Professional Development Committee

AB1725 and Professional Development



Professional Development Funding is provided under the provisions of AB 1725, passed in 1989 by the California State Legislature. Pertinent excerpts from that legislation are quoted below:

SEC. 4

The Legislature finds and declares the following with regard to faculty, administrators, and staff of the California Community Colleges:

(g) Community college instructors, recruited directly from graduate school or from some form of employment other than teaching, may not be prepared to deal effectively with the wide range of student abilities and attitudes found in community college classrooms. As larger numbers of students from many different cultural backgrounds and with significant English language and other deficiencies are enrolled, the problem will become more serious for both administrators and faculty. The proposed establishment of a student assessment, counseling, and placement program on each campus will also require additional training and assistance for both faculty and administrators.

(h) Professional development for faculty, support staff, student services staff, and administrators is vital. Further, the success of the assessment, counseling, and placement programs will depend upon the effectiveness of this training.

(i) The recruitment of faculty into the community colleges, and the maintaining of morale and enthusiasm among the faculty depends in large part upon the intellectual and personal environment within which faculty work. Much of that environment is created by their own authority over the substantive direction of the programs and courses in which they work, through the quality of their relationship with the college administration, and in the quality of their interactions with the communities of students they teach. At the same time, it is apparent that faculty morale comes from their engagement in the development of new and innovative programs, from their engagement in professional and discipline-based associations, and from an active, intellectual life as scholars and teachers.

(j) Community colleges have less resources available for faculty professional and intellectual development than do other segments of the system of higher education, and this disparity may become a substantial barrier to the future recruitment of quality faculty. Yet, faculty in the community colleges should be no less intellectually engaged than their colleagues in the other segments. Their primary commitment to teaching makes it imperative that they have a vibrant and rich intellectual life.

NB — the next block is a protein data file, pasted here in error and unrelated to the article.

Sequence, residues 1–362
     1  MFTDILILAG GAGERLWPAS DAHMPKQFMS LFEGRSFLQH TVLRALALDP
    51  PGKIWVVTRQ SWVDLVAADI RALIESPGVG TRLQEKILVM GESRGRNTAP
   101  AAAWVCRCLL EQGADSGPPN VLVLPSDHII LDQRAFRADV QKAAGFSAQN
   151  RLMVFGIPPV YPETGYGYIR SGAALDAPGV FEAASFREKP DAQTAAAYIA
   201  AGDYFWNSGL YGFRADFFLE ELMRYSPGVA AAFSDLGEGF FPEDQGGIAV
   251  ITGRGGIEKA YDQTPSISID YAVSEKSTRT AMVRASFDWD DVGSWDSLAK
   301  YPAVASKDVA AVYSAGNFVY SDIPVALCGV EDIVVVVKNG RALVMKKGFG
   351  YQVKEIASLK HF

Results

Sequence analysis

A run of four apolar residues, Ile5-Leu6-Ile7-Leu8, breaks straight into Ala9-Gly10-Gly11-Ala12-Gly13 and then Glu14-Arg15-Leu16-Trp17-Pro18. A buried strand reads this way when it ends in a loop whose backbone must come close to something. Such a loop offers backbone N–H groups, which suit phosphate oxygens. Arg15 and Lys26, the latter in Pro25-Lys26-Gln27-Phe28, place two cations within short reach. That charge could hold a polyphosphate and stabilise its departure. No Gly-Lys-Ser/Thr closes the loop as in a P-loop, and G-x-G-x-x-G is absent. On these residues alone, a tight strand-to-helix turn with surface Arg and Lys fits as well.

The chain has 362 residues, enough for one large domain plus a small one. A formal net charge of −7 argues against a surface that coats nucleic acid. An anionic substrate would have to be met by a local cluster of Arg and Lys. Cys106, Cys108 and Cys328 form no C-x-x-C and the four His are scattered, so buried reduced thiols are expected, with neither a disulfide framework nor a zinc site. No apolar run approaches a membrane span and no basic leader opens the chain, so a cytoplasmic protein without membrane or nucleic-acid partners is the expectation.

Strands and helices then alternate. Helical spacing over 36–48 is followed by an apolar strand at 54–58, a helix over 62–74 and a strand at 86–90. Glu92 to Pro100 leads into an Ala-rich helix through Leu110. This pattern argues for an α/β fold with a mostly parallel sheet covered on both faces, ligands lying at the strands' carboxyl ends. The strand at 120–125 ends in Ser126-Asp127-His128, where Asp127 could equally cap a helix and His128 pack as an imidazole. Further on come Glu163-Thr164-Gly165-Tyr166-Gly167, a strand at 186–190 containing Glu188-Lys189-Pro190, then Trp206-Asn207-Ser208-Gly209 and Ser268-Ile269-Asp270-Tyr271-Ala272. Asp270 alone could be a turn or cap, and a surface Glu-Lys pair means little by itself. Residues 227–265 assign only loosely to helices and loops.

(k) The success of the assessment, counseling, and placement system in the California Community Colleges will depend upon the commitment and dedication of trained student services staff. The importance of their role stretches across all aspects of community college life including: counseling, reading and computational assessment and evaluation, financial aid assistance, providing and directing tutorial services, providing outreach into the local community, providing information to continuing students, and assisting the faculty in designing and providing courses of study which meet the particular needs of very different students. It is essential that the college have adequate service staff, and that they be superbly trained, especially in view of the current diversity of student educational needs in the community colleges.

SEC. 26 Article 5 - Community College Faculty and Staff Development Fund

87150. There is hereby created in the State Treasury the Community College Faculty and Staff Development Fund, to be administered by the Board of Governors of the California Community Colleges, the purpose of which is to provide state general funds to community colleges for supporting locally developed and implemented faculty and staff development programs.

87153. The authorized uses of funds allocated under this article shall include all of the following:

(a) Improvement of teaching.
(b) Maintenance of current academic and technical knowledge and skills.
(c) In-service training for vocational education and employment preparation programs.
(d) Retraining to meet changing institutional needs.
(e) Intersegmental exchange programs.
(f) Development of innovations in instructional and administrative techniques and program effectiveness.
(g) Computer and technological proficiency programs.
(h) Courses and training implementing affirmative action and upward mobility programs.
(i) Other activities determined to be related to educational and professional development pursuant to criteria established by the Board of Governors of the California Community Colleges, including, but not necessarily limited to, programs designed to develop self-esteem.